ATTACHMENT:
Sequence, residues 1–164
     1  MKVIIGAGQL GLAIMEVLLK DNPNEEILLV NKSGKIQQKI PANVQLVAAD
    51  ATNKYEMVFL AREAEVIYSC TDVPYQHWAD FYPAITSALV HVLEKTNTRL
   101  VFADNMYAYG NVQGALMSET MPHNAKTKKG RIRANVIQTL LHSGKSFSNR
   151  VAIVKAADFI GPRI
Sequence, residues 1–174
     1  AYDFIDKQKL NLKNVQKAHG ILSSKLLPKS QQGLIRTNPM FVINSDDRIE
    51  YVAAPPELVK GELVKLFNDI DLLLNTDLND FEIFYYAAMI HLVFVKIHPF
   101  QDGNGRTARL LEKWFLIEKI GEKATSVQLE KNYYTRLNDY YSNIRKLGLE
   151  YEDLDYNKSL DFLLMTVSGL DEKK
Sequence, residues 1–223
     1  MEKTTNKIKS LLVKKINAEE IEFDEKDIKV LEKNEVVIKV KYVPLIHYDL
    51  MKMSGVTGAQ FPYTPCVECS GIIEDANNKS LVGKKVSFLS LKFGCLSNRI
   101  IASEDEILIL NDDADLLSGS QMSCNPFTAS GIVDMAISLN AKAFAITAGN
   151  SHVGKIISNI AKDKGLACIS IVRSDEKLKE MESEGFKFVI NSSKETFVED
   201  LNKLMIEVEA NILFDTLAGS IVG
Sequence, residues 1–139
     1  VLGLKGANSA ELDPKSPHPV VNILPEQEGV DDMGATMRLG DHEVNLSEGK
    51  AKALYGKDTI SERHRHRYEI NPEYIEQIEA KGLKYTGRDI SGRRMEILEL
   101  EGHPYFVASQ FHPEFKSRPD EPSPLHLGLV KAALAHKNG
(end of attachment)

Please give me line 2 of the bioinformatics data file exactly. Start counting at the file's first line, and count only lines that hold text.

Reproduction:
     1  MKVIIGAGQL GLAIMEVLLK DNPNEEILLV NKSGKIQQKI PANVQLVAAD